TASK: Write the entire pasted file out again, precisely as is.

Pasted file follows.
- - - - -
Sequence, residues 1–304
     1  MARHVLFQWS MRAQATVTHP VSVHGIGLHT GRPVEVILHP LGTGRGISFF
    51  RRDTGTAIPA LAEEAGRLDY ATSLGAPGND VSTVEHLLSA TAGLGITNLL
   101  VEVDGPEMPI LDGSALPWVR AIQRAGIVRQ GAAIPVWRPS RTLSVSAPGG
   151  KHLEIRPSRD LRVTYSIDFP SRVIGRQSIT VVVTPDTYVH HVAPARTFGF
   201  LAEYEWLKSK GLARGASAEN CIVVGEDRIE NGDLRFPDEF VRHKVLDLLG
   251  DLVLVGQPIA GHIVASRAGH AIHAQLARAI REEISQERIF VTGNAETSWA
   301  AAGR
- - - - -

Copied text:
Sequence, residues 1–304
     1  MARHVLFQWS MRAQATVTHP VSVHGIGLHT GRPVEVILHP LGTGRGISFF
    51  RRDTGTAIPA LAEEAGRLDY ATSLGAPGND VSTVEHLLSA TAGLGITNLL
   101  VEVDGPEMPI LDGSALPWVR AIQRAGIVRQ GAAIPVWRPS RTLSVSAPGG
   151  KHLEIRPSRD LRVTYSIDFP SRVIGRQSIT VVVTPDTYVH HVAPARTFGF
   201  LAEYEWLKSK GLARGASAEN CIVVGEDRIE NGDLRFPDEF VRHKVLDLLG
   251  DLVLVGQPIA GHIVASRAGH AIHAQLARAI REEISQERIF VTGNAETSWA
   301  AAGR